A three-star relationship between an increase in non-starchy, fibrous vegetable consumption and ischemic stroke was the strongest link of the bunch. Data suggest increasing vegetable consumption from one to four servings per day carried about a 23% reduction in stroke risk. The analysis also showed a two-star rating for vegetable-eating and heart disease (two on the verge of three, Stanaway said). The study did not include starchy vegetables, such as potatoes, sweet potatoes or corn, and also excluded cured and pickled vegetables (kimchee, sauerkraut).
For the most part, dietary habits landed between one and three stars, indicating a need for more rigorous research. “I was very surprised at how many of the diet-risk relationships were much weaker” than expected, Murray said. He has a slight bit more tolerance for eating red meat after seeing those results, he said.
All evidence on red meat and its links to disease were weak. That wasn’t unexpected to Benjamin, who wasn’t involved in the research. “The things that have always been kind of fuzzy still look kind of fuzzy,” he said.
The strongest ratings on a meat-heavy diet were two stars, for colon and rectum cancer, breast cancer, ischemic heart disease and type 2 diabetes. In the case of strokes, the researchers found a diet high in red meat could actually have some protective effects, and gave that evidence one-star ratings. Low star-ratings should be seen as areas for research investment, the IHME team said — a large, well-designed study on people with diets high in red meat could make a big impact.
Tobacco is often the place where all of the fiery debate comes to rest. There is wide consensus among health professionals that smoking tobacco is bad for humans. IHME’s tool found evidence for strong or very strong links across eight diseases or outcomes, including larynx cancer, aortic aneurysm, peripheral arterial disease of the lower limbs, tracheal, bronchus and lung cancer, chronic obstructive pulmonary disease, and others.
“It is irrefutable that tobacco is a major risk to health and really has a broad set of impacts across multiple cardiovascular and cancer outcomes,” all in all, Murray said.
Still, there was less robust evidence on the connection between smoking and numerous other illnesses, including ischemic heart disease, esophageal cancer, stroke, type 2 diabetes, and others. Strangely, there was a one-star-rated link between smoking and asthma, a finding that surprised the researchers. Cannabis smoking was not included in the analysis.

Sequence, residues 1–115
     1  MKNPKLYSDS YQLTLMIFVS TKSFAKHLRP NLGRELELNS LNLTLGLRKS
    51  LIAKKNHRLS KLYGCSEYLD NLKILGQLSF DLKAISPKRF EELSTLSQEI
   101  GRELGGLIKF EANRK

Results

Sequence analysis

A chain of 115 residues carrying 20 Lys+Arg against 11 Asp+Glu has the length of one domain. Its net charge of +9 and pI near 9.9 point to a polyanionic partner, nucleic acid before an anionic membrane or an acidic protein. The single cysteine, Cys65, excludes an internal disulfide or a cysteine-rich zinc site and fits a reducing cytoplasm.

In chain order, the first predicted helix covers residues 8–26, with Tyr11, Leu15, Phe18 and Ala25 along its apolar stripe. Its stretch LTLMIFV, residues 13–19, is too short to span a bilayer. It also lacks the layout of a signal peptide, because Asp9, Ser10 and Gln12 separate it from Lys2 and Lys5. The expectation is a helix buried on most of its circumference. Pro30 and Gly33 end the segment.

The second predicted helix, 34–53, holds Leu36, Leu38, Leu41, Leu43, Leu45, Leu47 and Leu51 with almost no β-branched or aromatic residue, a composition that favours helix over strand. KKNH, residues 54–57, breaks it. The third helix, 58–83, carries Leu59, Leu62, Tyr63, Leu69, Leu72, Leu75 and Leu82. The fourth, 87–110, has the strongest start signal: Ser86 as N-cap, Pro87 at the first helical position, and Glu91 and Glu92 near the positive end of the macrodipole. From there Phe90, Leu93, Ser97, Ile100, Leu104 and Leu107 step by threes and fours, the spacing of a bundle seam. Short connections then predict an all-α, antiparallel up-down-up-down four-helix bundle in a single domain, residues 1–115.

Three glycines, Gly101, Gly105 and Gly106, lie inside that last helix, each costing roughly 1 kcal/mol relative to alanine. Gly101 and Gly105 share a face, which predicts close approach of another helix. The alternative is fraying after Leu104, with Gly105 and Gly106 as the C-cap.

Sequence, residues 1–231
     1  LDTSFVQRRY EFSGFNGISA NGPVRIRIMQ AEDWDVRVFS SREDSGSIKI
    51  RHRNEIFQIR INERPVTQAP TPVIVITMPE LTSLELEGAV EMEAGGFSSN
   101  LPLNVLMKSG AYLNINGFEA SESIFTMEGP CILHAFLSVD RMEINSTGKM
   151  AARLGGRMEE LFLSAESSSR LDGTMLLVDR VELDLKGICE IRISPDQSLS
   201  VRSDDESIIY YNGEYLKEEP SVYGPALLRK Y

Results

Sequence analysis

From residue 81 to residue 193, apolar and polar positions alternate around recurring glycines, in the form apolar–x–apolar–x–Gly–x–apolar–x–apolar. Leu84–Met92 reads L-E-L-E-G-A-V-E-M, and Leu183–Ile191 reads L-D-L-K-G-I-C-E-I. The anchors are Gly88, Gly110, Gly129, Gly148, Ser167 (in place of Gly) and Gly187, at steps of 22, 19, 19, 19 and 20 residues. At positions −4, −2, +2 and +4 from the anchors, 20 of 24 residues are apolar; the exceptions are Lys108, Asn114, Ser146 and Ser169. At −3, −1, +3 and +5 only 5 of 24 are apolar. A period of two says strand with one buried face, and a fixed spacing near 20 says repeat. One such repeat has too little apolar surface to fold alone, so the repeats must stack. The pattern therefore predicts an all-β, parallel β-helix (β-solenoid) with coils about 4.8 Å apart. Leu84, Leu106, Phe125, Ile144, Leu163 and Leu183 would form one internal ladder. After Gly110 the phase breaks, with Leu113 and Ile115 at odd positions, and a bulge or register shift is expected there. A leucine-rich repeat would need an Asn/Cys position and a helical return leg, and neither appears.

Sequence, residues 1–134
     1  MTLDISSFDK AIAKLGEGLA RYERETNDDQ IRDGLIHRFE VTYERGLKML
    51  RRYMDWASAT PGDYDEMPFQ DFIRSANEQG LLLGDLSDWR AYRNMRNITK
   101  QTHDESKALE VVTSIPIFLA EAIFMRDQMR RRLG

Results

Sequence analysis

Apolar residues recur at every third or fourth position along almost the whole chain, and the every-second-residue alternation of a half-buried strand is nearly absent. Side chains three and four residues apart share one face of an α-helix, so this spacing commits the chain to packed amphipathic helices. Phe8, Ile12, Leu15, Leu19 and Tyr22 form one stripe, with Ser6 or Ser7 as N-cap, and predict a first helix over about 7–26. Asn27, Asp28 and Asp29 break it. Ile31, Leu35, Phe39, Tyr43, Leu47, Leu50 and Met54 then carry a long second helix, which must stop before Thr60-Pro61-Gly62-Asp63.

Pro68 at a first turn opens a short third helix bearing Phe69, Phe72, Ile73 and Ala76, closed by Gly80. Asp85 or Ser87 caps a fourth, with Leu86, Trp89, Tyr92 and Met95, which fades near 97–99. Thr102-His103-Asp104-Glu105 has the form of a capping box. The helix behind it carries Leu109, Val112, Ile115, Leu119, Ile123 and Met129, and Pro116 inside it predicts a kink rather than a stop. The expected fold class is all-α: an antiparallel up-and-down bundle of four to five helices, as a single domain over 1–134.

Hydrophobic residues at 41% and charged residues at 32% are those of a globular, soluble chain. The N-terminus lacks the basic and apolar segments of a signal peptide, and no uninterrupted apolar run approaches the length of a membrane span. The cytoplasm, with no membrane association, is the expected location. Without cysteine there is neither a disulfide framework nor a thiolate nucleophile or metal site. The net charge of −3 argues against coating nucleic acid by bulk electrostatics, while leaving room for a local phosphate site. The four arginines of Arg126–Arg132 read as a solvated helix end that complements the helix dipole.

The risk of ischemic heart disease was strongly linked to high systolic blood pressure — a five-star rating — validating both common dogma among clinicians and the IHME tool’s accuracy, the researchers said in a news conference.
The IHME team has already analyzed nearly 200 other risk-outcome combinations, ranging from alcohol drinking, air pollution and high body-mass index, to other diet factors, such as eating whole grains and legumes. Those results will be published in the future, Murray said.
Benjamin said it will take time for clinicians, policymakers and patients to see the value of this tool — the data alone might not be enough to sway the public’s understanding of risk.
Where the rating system could be useful in the long run is the doctor’s office, when a clinician is crafting a care plan for a patient with multiple risk factors (say, smoking, high blood pressure and low vegetable consumption). If what we know about those risks can be weighed against each other, then the doctor and patient might have a better sense of what to prioritize, Benjamin said. “The less things you give people to do, the better, and the more likely they are to comply,” he said.